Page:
Daniela: We used a validated questionnaire as part of a study to test the ease of use of the app. The overall feedback from users in the questionnaire was “excellent”. We also asked about their frequency of use. It emerged that users of the app perform the test on average once every six days. People who continue to use the paper version only perform the test on average once every 19 days. So the test was used three times more frequently than the paper version. Regular repetition of the tests is im-portant as the disease can be treated better when it is detected earlier. That is why our app has an additional feature capable of sending the test results directly to the ophthalmologist treating the pa-tient.
Where can people find your app?
Ronald: Many people find out about it through their hospitals or doctors. Otherwise, we have a web-site that features all the apps we have developed up to now, along with a host of other information on eye diseases: www.app4eyes.com. The apps can be downloaded from Google Play and the iOS App Store.
What is your aim with the app?
Daniela: We hope that our applications will help people to detect the diseases more quickly. Rapid treatment is important as this is a chronic disease that does not get better and can even lead to blind-ness if it is not properly treated. If more people use our app to monitor the progression of their dis-ease themselves, then early detection means that any degeneration can be treated better by a doctor.
Ronald: We are also constantly working to improve and expand our products. In our opinion, apps can be an important tool for doctors in medicine. This is also supported by the new DiGA (Digital Health Applications) Regulation, which ensures that apps can be prescribed by medical practitioners.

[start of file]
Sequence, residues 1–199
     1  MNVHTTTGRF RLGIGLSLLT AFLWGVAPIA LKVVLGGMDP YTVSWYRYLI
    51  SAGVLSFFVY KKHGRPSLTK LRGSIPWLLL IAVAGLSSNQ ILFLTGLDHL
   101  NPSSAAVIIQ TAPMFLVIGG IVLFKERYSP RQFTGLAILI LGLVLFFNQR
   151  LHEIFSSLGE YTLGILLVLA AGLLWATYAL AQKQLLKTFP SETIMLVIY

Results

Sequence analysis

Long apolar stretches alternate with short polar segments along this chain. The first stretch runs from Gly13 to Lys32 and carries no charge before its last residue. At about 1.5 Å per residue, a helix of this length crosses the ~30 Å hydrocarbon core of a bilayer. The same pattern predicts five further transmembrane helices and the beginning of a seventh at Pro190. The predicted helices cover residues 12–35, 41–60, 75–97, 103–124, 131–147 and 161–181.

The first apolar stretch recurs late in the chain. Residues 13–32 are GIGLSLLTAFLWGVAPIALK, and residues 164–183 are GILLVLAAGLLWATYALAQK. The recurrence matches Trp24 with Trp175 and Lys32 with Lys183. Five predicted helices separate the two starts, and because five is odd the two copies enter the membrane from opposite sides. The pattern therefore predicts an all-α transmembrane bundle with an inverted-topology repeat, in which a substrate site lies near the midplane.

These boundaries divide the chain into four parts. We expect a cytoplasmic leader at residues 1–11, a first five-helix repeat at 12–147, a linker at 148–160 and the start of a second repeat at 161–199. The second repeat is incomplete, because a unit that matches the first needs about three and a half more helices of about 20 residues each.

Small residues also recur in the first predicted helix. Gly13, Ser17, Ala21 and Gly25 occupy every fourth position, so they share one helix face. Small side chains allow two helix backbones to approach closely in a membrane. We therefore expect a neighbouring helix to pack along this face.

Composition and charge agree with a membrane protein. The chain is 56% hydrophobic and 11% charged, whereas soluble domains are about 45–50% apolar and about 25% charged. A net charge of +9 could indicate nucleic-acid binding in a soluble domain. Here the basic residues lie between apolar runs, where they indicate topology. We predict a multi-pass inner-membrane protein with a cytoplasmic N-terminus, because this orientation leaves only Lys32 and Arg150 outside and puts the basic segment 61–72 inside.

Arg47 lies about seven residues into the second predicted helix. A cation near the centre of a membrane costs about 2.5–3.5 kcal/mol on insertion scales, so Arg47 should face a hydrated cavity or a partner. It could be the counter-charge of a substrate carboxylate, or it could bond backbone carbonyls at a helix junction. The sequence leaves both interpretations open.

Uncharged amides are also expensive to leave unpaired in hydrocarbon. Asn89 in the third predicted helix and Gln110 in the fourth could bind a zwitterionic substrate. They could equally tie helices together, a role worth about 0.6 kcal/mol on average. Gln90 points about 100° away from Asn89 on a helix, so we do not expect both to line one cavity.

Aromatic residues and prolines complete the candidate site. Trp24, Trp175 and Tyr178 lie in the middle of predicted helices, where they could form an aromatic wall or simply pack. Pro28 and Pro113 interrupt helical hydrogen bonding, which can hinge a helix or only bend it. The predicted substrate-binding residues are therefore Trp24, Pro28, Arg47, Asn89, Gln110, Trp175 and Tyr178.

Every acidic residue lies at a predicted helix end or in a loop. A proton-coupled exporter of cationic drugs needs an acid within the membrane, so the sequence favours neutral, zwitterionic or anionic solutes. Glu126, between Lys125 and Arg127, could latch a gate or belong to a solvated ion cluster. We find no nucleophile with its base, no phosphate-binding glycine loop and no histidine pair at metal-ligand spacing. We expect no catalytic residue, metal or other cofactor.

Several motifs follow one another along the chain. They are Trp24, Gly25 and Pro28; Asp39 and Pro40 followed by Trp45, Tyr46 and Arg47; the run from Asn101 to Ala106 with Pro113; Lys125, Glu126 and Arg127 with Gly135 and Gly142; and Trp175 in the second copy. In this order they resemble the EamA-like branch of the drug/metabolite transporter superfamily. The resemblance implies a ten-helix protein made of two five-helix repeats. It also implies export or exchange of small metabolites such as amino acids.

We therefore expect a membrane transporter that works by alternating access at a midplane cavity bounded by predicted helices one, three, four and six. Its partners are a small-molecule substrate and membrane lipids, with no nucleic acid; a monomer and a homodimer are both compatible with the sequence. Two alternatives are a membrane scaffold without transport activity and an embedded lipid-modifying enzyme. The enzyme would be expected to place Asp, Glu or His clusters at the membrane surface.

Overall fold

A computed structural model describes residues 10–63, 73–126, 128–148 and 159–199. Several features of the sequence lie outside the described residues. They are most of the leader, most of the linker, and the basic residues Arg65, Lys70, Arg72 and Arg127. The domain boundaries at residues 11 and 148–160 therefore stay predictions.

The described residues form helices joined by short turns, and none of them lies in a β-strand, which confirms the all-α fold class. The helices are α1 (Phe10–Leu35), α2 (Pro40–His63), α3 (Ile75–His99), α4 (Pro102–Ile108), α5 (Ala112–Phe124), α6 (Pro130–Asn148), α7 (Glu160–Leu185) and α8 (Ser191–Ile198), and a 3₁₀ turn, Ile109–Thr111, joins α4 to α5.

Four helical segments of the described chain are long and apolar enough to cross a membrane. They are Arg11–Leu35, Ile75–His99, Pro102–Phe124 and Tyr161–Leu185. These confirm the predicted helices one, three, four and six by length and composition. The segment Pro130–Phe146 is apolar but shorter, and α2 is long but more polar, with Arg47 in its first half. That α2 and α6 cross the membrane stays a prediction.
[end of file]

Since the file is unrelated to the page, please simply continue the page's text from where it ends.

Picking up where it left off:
You have developed more apps. What can they do?
Daniela: They provide information on cataracts and glaucoma. In a cataract operation, the opaque lens is replaced by an artificial lens. The large number of intraocular lenses available can be confusing. App4eyes therefore developed the “Lens – Navi” app into which users enter the diopter values from their eyewear prescription and the sought-after result after the operation (e.g. eyewear-free or reading glasses-only). The app explains in detail which intraocular lens can be used on the basis of this infor-mation and uses photos to clarify the visual impression after the operation. The app provides vendor-independent information so that the patient is well informed before talking to their surgeon.
People who are treated for glaucoma can use the “Glaucoma Diary” app. The app stores the intraocular pressure values and automatically converts them to the person’s individual cornea thickness. This pro-vides a tabular and graphic overview of the intraocular pressure values. Our “Eynstein” app also has a reminder feature that users can set up to remind them to administer eye drops and also obtain infor-mation about current studies and useful hints and ideas on improving their vision.
That sounds really great.
Thank you! We are pleased if our apps can help to support the health of our users’ eyes.
Interview: Alina Gedde